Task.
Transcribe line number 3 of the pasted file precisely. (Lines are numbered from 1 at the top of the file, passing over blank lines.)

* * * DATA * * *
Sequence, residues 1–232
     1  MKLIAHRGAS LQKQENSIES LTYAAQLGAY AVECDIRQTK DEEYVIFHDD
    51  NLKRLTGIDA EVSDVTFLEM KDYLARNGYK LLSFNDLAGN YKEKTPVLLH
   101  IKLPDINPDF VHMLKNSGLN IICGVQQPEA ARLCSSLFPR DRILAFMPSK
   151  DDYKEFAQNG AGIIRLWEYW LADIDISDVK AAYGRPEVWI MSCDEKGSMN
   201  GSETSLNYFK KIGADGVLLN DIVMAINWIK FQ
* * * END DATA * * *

    51  NLKRLTGIDA EVSDVTFLEM KDYLARNGYK LLSFNDLAGN YKEKTPVLLH